Researchers are looking for clues to help unravel the mystery of how some muscles become damaged by genetic disease. Charcot-Marie-Tooth (CMT) is the most common solely inherited disease. It’s caused by mutations in genes that make the proteins that are the building blocks of our muscles. CMT patients suffer from weakness and numbness of the arms, legs and feet. However, there are few treatments beyond physical therapy. Looking at the muscles of a type of mouse that will develop CMT, the team found that neuromuscular junctions (pictured) in the feet weren’t developing properly. These are relay stations for nerve fibres (in green) carrying information from the brain to receptors in the muscle (shown in red). Since the mice were not yet showing symptoms of CMT, this growth defect could be an early sign of the disease. Future drug therapies could target this region to help prevent eventual muscle damage.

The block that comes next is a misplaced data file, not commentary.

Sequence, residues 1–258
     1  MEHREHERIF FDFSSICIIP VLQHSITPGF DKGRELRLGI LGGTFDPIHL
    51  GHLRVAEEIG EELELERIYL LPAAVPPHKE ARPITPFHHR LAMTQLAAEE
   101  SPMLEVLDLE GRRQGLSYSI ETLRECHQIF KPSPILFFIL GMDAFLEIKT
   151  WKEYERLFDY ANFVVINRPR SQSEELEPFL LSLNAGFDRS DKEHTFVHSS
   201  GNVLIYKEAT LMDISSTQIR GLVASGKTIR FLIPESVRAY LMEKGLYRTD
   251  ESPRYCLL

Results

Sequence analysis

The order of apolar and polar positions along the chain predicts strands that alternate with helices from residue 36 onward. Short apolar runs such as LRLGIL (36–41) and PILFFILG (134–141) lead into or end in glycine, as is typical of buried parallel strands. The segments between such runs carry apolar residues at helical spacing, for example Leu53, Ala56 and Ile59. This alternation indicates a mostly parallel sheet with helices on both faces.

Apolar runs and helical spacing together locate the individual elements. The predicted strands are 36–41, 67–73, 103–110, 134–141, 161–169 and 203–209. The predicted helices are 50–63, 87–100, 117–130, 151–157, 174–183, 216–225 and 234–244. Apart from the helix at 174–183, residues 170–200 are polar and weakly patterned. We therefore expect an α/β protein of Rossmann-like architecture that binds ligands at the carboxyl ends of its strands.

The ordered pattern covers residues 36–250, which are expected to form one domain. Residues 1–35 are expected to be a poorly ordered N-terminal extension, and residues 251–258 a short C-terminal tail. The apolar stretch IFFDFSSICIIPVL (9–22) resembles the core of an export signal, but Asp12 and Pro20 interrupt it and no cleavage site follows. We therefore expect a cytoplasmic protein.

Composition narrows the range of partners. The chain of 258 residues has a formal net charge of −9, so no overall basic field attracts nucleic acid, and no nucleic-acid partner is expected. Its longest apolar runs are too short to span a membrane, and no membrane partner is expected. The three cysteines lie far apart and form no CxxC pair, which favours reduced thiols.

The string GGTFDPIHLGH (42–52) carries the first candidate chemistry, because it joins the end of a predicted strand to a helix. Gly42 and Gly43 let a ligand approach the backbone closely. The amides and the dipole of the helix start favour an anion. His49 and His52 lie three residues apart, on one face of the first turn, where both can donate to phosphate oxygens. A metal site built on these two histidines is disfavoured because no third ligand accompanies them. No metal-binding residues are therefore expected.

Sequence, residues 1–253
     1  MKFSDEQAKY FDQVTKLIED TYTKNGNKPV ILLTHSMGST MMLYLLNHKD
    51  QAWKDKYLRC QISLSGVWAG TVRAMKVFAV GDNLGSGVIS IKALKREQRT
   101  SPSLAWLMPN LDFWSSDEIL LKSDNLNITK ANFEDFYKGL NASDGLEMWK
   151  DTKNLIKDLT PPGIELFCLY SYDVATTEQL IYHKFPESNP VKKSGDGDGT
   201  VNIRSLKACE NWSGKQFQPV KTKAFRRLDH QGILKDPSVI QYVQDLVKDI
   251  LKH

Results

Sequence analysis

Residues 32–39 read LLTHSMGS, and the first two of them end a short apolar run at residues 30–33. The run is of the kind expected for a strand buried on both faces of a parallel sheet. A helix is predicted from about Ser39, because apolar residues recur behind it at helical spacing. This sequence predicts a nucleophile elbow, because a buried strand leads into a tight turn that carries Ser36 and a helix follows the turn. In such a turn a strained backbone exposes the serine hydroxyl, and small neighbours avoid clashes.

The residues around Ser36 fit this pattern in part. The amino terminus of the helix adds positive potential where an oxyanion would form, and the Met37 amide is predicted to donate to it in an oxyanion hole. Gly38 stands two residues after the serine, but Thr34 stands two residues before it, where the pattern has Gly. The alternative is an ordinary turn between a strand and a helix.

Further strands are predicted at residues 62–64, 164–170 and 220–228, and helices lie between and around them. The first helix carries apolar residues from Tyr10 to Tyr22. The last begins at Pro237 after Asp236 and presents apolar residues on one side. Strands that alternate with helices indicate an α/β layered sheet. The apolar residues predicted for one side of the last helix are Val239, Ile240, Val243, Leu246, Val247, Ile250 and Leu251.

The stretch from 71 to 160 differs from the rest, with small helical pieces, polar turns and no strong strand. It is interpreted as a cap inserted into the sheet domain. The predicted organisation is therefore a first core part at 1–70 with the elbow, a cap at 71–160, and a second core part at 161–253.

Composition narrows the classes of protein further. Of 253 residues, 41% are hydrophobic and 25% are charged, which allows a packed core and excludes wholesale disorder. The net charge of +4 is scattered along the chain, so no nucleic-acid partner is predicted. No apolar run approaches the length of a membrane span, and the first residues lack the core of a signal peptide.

Written by Gaëlle Coullon
BPoD stands for Biomedical Picture of the Day. Managed by the MRC London Institute of Medical Sciences the website aims to engage everyone, young and old, in the wonders of biomedicine. Images are kindly provided for inclusion on this website through the generosity of scientists across the globe.
BPoD is also available in Catalan at www.bpod.cat with translations by the University of Valencia.